Rich Lehl and Matt Sellars at Priceless Works Gallery
June 16, 2005
By Gary Faigin
The stars need to be in alignment for a gallery specializing in challenging, contemporary art to survive. Many such galleries manage to last only a few years before succumbing to harsh economic realities, particularly in a place like Seattle, where commercial space is at a premium and serious art collecting is relatively uncommon. The last few decades have seen the rise and fall of a long list of small, ambitious galleries, with the most recent casualties being Bryan Ohno, Atelier 31, and Eyre-Moore.
Fortunately, new galleries seem to emerge, even as older ones fail. One of the most promising of the new crop of art galleries is the Priceless Works in Fremont, already nominated by several local art critics as one of the best places to find great work in an unlikely location. Founder Regan Peck has assembled an eclectic stable of mostly young and emerging artists, working in styles ranging from funk sculpture to abstraction to pop, the pieces themselves showing a level of mastery not always present in the alternative scene.
This month both the featured shows Ð works by Rich Lehl and Matt Sellars Ð and the surrounding art by several others, maintain the gallery’s high standards. Rich Lehl is the best-known artist in the group, having had well-reviewed one-person exhibitions in two of the late and lamented downtown galleries listed above. A 1993 graduate of Cornish, he specializes in a droll, deadpan surrealism, featuring scenes from what could almost be everyday existence, give or take a few unusual life forms, or out-of-the-body experiences.
Works in the current show include prints and oil paintings, both executed in a polished, matter-of-fact style. The prints, spare and linear, look a bit like illustrations from a how-to-manual, while the oils are brightly colored, highly rendered, and dramatically lit, the work of an artist anxious to convince the viewer of the palpable, physical existence of his imaginary world.
The enormous, looming shadow of an unseen hot-air balloon, for example, has been carefully detailed in the painting entitled Ride Ð the way it changes color as it falls over the grass, shrubs, and path of a pristine rural valley, with the dark shadows of the half-dozen passengers just visible above the shadow shape of the gondola. Only after scanning the rest of the image for a few moments do we notice the tiny, sci-fi flying saucer hovering in the background, almost like an afterthought. In this particular alien encounter, both entities, human and non-human, seem equally unreal. The landscape itself is the only thing we can really trust.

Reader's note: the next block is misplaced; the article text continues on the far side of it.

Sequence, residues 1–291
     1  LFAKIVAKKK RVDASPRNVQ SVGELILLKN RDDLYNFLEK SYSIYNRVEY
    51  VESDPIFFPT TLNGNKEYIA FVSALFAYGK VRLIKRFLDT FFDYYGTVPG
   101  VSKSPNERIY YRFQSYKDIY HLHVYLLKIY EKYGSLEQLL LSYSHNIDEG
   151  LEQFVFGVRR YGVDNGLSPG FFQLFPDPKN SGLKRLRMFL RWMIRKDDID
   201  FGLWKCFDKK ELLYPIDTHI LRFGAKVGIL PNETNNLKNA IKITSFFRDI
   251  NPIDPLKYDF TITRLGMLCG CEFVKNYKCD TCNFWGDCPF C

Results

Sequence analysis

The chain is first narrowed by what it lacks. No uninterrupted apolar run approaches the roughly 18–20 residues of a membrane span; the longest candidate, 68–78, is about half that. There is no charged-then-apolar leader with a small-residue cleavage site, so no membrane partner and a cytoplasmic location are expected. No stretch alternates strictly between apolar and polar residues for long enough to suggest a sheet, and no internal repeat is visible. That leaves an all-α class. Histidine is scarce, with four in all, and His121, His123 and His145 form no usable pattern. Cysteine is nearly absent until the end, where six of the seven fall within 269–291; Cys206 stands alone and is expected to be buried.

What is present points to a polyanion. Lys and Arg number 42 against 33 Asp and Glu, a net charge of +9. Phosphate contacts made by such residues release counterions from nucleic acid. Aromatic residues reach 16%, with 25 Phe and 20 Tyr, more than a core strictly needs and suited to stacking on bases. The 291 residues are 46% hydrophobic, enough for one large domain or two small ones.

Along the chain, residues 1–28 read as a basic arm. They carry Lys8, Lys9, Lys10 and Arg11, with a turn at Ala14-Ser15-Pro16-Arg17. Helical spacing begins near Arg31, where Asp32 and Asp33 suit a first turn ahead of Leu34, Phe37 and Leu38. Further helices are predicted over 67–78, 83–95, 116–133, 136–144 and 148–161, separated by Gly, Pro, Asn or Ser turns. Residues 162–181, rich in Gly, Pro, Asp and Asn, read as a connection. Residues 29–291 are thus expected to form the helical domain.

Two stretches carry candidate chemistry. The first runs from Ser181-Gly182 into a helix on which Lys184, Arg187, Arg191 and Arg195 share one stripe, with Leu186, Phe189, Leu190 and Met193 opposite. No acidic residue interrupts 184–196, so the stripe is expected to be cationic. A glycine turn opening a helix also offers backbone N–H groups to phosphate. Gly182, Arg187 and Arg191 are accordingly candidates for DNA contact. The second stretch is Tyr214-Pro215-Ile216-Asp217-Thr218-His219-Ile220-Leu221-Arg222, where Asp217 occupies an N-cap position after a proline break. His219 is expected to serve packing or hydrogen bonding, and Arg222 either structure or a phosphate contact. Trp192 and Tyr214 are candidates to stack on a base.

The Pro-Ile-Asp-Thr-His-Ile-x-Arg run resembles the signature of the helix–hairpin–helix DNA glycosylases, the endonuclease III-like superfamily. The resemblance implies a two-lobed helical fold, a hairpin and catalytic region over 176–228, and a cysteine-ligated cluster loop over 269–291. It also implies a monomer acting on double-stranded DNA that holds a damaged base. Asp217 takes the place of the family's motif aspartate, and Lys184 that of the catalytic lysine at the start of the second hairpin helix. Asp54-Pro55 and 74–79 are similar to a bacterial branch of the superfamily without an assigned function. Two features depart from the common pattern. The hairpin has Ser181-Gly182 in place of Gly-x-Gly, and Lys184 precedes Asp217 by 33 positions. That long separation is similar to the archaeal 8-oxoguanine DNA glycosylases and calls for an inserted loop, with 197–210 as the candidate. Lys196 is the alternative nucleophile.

Other works feature other odd encounters teetering in the unstable territory between the sinister and the droll. In Meeting, a man on a bicycle stares in surprise at a giant, disembodied head on a pole Ð which stares at him in turn with an expression of astonishment. Is the slack-jawed head as alive as it looks, or is it only a signpost, or merely a projection of the cyclist’s own thoughts? The lone pedestrian in Monster appears completely unaware of the giant, Maurice Sendak creature with long fangs and a inscrutable expression watching him from a window as he strolls past. Perhaps such occurrences are more common than we realize, at least for those of us not in touch with our inner demons.
The works of Matt Sellars occupy an entirely different aesthetic realm. Most of his 7 table-top wood sculptures are radical simplifications of the natural world, a process partly documented in the highly accomplished drawings and journal entries that accompany the show. The distinctive sea stacks at Shi Shi Beach on the Washington coast are described in a handwritten narrative, then re-imagined as two rounded, monumental blocks rising from a flat plank, the layered wood stained a bright turquoise and stripped of all texture and detail. Another sculpture takes as its inspiration the dramatic rock arches of the American Southwest. In the Sellars version, a blade-like blond-colored wooden curve balances on two stout wooden pedestals, an homage to the symmetry and fragility of the original rocky form.
The most visionary transformation is a sculptural reinterpretation of a peculiar animal head. In the preparatory study, Sellars presents a lovely drawing of what looks like a desert-dwelling fox, its giant upright ears poking up from a blunt, squarish skull. This relationship Ð vertical above squat - becomes the point of departure for a long, dark wooden block several feet long, supporting two high, narrow ridges - like the original animal head and ears, only streamlined and stretched out like wood taffy.
No less original, and no less engaging, are nearby works by other gallery artists, including Scott Eiden’s bleak and witty photographs of the Deep South (some working the same territory of everyday surrealism as Rich Lehl); Elise Richman’s tiny, coral-like arrays of closely packed, brilliantly chromatic oil paint drips; and Francesca Berrini’s cut-up and reassembled imaginary maps.
Several decades ago I stumbled into a scruffy, obscure gallery in the Lower East Side of New York called International with Monument. Among the works on display were several aquariums with floating basketballs, works I immediately dismissed as altogether forgettable, perhaps taking them less seriously because of the setting. That the artist was Jeff Koons, displaying works now immortalized in books and museums, is an object lesson in both the peculiar nature of the art world and the peculiar attraction of the undiscovered. In contemporary art, most every career starts at the margins, and there are aesthetic Ð if not monetary - rewards for the intrepid viewer, collector, or critic, particularly in venues as intelligently selective as Priceless Works.
~ posted by Gary Faigin @ 11:26 AM